Getting a feel for the pulse of Cloud Computing can be a difficult endeavor. According to recent Google search trends "Cloud Computing" is at an all time high in terms of raw search queries. This has also been confirmed by analysts reports such as Gartner's Hype Cycle which shows Cloud computing at what they aptly describe as the peak of inflated expectations. For me tools like Google Trends & Google Insights helps shed light on Cloud Computing from a search engine point a view. But sadly does little in translating into actual financial facts and figures - the stuff that actually matters.
Trying to look beyond the hype and see if people are actually making money or getting work done should be the real litmus test in terms of gauging the business opportunity for cloud computing -- and at the end of the day it's probably a better statistic. But then again these sorts of "real world" revenue & sales pipeline stats are not nearly as easy to get. So I thought I'd take a moment, and discuss some of the recent success we've seen in our segment of the cloud world.
Generally, the Fall tends to be the hot sales season in IT where IT folks are coming back from summer vacations with budgets that must be spent before the end of the year. So this time of year does act as a kind of predictor of future sales opportunities. To put it simply, in IT if you can't sell your product or service in the Fall, you're probably not going to sell at all. This is as true in Cloud Computing as it is in any other area of information technology.
When speaking to the opportunity for cloud computing, I can only speak from my vantage point as a Cloud Service Provider enablement platform vendor. At Enomaly we specifically target service providers and hosting firms who are looking to roll out public "EC2" like infrastructure as a service. From our point of view it has become increasingly clear that any hosting firms that don't have cloud service strategies or offerings in place are quickly beginning to see huge revenue erosion. This has caused a significant influx of interest from a wide variety of hosting related companies that run the gamut from smaller VPS style resellers to multi-national telecommunication companies and everything in between.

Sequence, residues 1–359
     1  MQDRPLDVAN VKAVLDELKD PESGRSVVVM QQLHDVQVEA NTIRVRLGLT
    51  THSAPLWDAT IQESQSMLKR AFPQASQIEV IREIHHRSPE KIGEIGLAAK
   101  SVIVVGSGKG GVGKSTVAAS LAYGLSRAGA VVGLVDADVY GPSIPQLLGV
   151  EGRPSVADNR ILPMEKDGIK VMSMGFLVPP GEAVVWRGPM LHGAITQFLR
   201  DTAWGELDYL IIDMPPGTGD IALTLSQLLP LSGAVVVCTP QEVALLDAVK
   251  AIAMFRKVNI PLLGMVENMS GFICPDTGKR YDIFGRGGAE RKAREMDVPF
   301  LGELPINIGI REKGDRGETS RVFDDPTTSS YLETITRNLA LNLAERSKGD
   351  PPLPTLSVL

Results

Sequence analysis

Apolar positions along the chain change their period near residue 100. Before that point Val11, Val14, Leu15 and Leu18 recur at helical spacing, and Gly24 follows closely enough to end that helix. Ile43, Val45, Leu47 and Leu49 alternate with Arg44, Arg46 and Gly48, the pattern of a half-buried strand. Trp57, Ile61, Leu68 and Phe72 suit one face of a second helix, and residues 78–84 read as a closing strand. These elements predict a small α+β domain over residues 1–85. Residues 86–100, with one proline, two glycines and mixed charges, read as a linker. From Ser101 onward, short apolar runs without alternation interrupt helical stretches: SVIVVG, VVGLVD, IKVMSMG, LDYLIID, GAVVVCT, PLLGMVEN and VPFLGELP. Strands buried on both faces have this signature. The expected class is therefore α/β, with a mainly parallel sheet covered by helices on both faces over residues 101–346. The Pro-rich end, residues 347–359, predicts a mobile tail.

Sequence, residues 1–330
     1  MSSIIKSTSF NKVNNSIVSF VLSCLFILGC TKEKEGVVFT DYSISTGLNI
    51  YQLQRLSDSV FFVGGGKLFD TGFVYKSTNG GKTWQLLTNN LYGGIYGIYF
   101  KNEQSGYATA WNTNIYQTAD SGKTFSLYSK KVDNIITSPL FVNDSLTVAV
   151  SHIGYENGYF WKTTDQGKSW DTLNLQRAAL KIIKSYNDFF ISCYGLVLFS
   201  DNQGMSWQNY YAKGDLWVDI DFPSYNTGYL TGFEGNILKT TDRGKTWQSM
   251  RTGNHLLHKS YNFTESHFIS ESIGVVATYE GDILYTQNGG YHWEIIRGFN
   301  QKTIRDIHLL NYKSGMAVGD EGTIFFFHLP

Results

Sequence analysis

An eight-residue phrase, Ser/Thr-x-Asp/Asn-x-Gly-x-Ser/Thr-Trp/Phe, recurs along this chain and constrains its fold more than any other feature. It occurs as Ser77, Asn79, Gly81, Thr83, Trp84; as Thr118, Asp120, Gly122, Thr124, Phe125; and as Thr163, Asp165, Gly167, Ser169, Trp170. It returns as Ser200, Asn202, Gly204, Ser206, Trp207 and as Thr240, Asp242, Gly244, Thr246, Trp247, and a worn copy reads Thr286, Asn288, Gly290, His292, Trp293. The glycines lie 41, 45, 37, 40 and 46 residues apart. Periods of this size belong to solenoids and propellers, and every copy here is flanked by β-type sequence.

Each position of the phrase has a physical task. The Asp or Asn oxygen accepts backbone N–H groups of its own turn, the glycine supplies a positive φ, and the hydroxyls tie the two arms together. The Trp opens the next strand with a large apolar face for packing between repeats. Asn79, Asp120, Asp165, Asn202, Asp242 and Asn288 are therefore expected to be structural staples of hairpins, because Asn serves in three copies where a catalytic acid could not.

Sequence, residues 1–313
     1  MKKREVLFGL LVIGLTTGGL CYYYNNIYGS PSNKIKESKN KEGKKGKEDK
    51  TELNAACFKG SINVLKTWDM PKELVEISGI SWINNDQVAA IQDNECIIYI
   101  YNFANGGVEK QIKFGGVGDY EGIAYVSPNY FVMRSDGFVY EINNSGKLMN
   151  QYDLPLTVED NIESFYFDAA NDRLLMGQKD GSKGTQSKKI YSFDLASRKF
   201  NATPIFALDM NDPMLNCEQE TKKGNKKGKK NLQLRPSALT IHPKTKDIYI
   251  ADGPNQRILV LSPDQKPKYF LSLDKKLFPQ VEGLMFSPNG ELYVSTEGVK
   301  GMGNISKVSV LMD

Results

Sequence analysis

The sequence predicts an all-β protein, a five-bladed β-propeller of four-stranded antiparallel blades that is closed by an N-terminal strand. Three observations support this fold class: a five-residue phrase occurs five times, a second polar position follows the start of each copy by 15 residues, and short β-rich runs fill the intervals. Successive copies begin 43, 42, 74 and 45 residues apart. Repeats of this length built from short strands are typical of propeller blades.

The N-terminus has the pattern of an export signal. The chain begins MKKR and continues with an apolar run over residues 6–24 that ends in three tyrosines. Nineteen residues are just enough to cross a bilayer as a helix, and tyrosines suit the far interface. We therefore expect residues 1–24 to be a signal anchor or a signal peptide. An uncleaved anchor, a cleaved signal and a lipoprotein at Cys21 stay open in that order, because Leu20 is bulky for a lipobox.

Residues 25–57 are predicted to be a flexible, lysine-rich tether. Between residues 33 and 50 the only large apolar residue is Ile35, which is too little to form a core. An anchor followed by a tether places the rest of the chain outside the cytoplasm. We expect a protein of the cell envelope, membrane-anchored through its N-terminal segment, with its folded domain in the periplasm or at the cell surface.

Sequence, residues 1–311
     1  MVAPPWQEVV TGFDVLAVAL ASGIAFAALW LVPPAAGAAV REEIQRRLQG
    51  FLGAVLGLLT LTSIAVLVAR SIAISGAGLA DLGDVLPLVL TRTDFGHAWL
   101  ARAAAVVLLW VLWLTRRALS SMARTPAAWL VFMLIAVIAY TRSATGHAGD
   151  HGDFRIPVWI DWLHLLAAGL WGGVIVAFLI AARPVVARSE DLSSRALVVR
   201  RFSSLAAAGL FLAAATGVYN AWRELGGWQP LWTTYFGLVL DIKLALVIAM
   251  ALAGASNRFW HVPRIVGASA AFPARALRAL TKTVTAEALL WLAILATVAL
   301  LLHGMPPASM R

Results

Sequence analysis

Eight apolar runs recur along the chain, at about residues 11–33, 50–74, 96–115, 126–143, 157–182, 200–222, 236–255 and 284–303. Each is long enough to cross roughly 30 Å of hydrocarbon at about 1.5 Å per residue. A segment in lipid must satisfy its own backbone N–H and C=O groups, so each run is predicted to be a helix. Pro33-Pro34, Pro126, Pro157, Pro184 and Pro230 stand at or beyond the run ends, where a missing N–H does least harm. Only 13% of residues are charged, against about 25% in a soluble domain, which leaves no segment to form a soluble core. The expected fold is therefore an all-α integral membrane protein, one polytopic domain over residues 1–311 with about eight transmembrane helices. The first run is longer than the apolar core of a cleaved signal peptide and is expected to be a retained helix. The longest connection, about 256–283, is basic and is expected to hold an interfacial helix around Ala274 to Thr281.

An analysis by Guy Rosen also sheds some light on the cloud opportunity in which he estimates that Amazon Web Services (AWS) is provisioning 50,000 EC2 server instances per day. A 50K/day run rate would imply a yearly total of over 18 million provisioned instances. Based on these numbers, one could surmise, that a significant portion of these 50k in EC2 instances are directly coming out of the pockets of traditional hosting and data centers. In the hosting space, this kind of cloud leakage has become a major issue. One need not do more then monitor traffic to amazon or other cloud providers to get an idea of potential revenue walking out the door.
As a fast growing self funded company we don't have the luxury of spending large amounts on our marketing and sales efforts. For the most part we rely on word mouth and organic search engine optimization for our inbound sales channel. Because we spend a grand total of $0.00 dollars on our marketing efforts, our organic website traffic / inbound sales inquires also acts as a kind of simple market research tool. Based on the this very unscientific research tool, interest in cloud platforms is booming.
Over the last few months something interesting has happened. We've seen interest in our cloud service provider platform grow from dozens of inquires a month to dozens per day. Again, I can't say if this is a broader trend or limited to our sector, but from our vantage it has never been a better time to be in cloud computing. I'm just curious if others are seeing similar levels of interest for their cloud related products and services. I for one certainly hope so, because the better we do collectively, the better we do individually.